Mad Cat Mix Media Production Rewinds

'Nostalgia Part I' Opens This Weekend For Limited Run

Mike Sastre in Miami Vices. Photo by Paul Tei.


Mike Sastre in Miami Vices. Photo by Paul Tei.

Aaron Krause

Paul Tei isn’t particularly interested in reminiscing about America’s past – especially not from a white male, privileged perspective.

Nostalgia is “the only thing we sell the most” in American society, says Tei. He’s the artistic director, founder and self-proclaimed “mascot” of the 18-year-old daring, avant-garde Miami area-based Mad Cat Theatre Company.

“Why do we assume that everything’s better in the past?” Tei asked rhetorically. “It’s because we have no future in our country.”

Tei and fellow Mad Cat artist Cliff Burgess plan to tackle these and other topics in "Nostalgia Part I: Be Kind, Rewind." It’s a mixed media production which “aims to darkly satirize white male nostalgia and the American tendency to yearn for a past that may not have been as great as those who pine for it remember,” according to press material.

Noah Levine in Dickhead. Photo by Paul Tei.


Noah Levine in Dickhead. Photo by Paul Tei.

In Tei’s words, “we’re just sort of exploiting their vulnerabilities, begging the question of why do we need to hold on to the past.”

"Nostalgia: Part 1: Be Kind, Rewind," which Tei and Burgess co-wrote, will run Saturday, Aug. 10 and Sunday, Aug. 11 at 8 p.m. at The Bridge, 4220 N.W. 7th Ave. in Miami.

Why set up such a limited engagement?

Tei doesn’t mince words. He “doesn’t think this town can handle the concept that you’ll be around for three weeks.

“Chances are, if you really want to see me, you’re going to see me. Less is more right now.”

Tei describes the piece as a “deconstruction of where we are as a nation based on who our president is. Did we make Donald Trump or did Donald Trump make us? Or, are we this weird marriage in hell?”

While Tei’s words might sound strong, Burgess said audiences shouldn’t expect the pair to slam them with stinging satire.

“I don’t believe in truly poking someone,” said Burgess. The show, as great theater often does, will “hold up a mirror to society, but in a very comic, satiric way.”

Cliff Burgess and Paul Tei. Photo by Cally White.


Cliff Burgess and Paul Tei. Photo by Cally White.

Will audiences enjoy themselves?

“They’re going to be absolutely entertained,” Burgess said. “We’re dealing with comedy and satire.”

Tei apparently agrees. While the production involves satire, it also involves fun and “having a laugh.”

“I felt ‘let’s tell these stories, let’s have some fun.’”

Burgess conceded that "Nostalgia Part 1: Be Kind, Rewind" is “a little absurd, you might not get it. But the messages will be clear to those who want to receive them.”

The evenings will feature music, interactive live performances and film screenings. The host will be one “Mr. Ringo, a hypermodern twist on a Mister Rogers-esque character.”

Tei and Burgess compare this show to “the impulse of channel flipping or the attention-deficit style of storytelling and absurd humor that programs on Adult Swim may employ.”

Comic, short pieces will include stories with the following titles: "Dickhead," "Charlie’s Childhood: Everything Must Go!," "The Sentimental Weatherman," "18 Shots," "Miami Vices" and "Skipper UpChuck."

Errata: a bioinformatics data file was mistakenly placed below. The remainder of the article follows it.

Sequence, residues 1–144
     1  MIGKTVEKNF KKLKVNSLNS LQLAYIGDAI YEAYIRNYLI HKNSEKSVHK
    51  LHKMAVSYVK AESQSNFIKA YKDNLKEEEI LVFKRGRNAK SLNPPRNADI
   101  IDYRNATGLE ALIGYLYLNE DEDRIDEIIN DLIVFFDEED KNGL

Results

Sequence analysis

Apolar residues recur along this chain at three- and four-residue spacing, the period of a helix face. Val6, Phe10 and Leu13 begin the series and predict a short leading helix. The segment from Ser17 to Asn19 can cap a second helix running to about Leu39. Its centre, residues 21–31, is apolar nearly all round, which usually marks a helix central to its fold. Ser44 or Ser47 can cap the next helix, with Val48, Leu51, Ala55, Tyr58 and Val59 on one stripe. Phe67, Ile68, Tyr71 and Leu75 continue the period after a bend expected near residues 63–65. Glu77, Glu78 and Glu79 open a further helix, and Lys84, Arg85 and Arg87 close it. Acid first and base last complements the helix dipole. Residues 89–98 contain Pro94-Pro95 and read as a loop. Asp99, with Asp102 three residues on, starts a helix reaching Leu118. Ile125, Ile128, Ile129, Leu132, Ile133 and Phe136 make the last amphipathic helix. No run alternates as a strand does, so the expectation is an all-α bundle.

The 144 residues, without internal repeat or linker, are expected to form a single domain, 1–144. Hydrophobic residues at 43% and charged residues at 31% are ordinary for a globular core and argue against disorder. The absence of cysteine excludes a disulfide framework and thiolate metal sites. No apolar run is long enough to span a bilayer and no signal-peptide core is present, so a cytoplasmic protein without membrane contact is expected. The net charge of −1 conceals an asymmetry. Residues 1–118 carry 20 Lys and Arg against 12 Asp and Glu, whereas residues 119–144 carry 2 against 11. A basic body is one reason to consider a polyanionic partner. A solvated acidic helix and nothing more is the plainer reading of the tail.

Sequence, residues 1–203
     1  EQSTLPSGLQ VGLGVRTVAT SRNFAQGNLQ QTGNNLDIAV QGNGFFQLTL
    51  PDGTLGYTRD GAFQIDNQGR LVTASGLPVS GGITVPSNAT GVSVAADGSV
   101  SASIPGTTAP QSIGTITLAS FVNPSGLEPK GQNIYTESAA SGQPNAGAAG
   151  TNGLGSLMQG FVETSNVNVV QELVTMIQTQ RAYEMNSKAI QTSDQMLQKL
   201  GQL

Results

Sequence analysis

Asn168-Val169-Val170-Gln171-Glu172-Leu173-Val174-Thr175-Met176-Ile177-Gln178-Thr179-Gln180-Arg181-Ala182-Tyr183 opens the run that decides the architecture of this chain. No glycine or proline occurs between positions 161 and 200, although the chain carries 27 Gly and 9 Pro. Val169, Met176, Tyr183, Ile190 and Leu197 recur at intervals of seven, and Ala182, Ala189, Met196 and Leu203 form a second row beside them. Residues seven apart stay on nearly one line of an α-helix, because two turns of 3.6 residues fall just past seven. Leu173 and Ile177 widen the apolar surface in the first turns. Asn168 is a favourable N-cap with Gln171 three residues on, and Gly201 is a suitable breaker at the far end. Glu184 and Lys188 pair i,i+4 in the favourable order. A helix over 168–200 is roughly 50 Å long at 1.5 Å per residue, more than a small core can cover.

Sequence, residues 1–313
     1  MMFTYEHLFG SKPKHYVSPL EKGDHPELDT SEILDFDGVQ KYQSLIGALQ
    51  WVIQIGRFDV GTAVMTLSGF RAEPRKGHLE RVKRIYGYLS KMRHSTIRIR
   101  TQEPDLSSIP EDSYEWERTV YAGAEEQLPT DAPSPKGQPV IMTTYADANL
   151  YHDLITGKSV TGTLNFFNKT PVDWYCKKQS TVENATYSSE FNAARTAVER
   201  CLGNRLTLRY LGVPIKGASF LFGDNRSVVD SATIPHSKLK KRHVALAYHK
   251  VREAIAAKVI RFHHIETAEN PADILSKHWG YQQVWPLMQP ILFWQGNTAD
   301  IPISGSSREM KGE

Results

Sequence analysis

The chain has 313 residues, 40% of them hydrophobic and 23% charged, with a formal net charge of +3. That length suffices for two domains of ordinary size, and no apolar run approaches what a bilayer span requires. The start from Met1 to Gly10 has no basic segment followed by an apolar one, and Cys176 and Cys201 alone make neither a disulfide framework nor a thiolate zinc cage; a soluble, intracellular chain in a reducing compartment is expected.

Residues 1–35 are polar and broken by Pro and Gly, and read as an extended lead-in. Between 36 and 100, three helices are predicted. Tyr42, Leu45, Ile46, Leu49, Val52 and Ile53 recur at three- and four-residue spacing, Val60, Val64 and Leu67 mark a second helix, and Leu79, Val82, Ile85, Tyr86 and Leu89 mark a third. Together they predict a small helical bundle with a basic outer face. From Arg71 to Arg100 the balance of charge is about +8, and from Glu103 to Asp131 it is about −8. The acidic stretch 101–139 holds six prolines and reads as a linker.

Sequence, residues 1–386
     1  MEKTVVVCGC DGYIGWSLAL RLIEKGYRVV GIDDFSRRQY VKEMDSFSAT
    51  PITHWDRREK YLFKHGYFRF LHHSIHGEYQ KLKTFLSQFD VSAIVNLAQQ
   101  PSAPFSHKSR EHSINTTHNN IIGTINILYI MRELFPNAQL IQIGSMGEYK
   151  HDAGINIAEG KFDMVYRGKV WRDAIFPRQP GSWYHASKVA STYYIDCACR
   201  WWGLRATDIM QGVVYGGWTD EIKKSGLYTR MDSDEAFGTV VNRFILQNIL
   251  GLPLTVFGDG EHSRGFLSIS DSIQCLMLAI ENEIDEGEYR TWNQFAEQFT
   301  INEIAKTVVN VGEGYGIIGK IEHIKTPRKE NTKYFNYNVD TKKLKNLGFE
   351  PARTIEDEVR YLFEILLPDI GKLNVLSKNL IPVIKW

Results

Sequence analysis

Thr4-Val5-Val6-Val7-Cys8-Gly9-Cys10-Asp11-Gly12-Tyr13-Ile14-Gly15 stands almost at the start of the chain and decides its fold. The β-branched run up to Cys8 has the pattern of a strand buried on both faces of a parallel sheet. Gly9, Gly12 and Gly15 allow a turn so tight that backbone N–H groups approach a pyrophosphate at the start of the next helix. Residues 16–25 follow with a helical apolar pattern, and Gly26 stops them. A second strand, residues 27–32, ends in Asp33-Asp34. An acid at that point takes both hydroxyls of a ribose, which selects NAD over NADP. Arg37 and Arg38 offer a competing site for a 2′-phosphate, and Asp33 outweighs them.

Burgess and Tei said the show isn’t traditional, live theater.

In fact, both indicated that they’re moving away from the genre.

Again, in keeping with the notion that our country is stuck in the past, Tei said the theatrical community isn’t taking risks or trying new things.

“People aren’t interested in seeing anything that’s going to challenge them.”

Tei said he believe this is true not just in live theater, but in film and music.

There is “remake after remake. It’s fast food art. It’s safe, it’s disposable.”

Audience members believe in “the tried and true,” while many arts organizations are “trying to chase that model,” according to Tei.

The theater scene, he believes, has changed from an experimental, “in-your-face” mode to a “tried-and-true, don’t rock the boat, give the people what they want,” model.

He added it’s hard to reach people these days through live theater unless a company is mounting a remake of a musical from a forgotten time, or a live-action version of an animated movie.

“Once you give the people what they want, you’re McDonald’s, you’re fast food,” Tei said.

Mad Cat’s mission, instead, has been to “provide theater that provokes its audience to reimagine its surrounding world,” according to Further, it’s mission is to “sniff out and ultimately create brazen stories that explore the hypermodernity of society. Mad Cat Theatre Company is committed to deconstructing itself and its environment through original works, adaptations, multi-media, live music, dance, puppetry and poetry.”

However, at this point, Mad Cat is no longer a theater company in the traditional sense, Tei said. Rather, he sees it as a “performance group.”

“We feel that it’s dying,” Burgess said about live theater, an art form in which he’s worked for many years. “Life has to be brought into it. Audiences are dying off, quite literally,” so a need exists to “get some young people in seats.

Burgess said he’s not against live theater.

However, it “needs a defibrillator, it needs to be shocked.”

Burgess said "Part I" is just one segment of a bigger series. He added he and Tei have ideas for other parts, but they’re on the “back burner” until the first part’s last production.

Some may wonder why Mad Cat isn’t mounting this show where it usually performs, at the Miami Theater Center in Miami Shores. “We needed a change of scenery,” Tei said.

"Nostalgia Part 1: Be Kind, Rewind" will be performed on Friday, Aug. 10 and Saturday, Aug. 11 at 8 p.m. at The Bridge, 1220 N.W. 7th Ave. in Miami. Tickets are $10 and will be available at the door. For more information, visit

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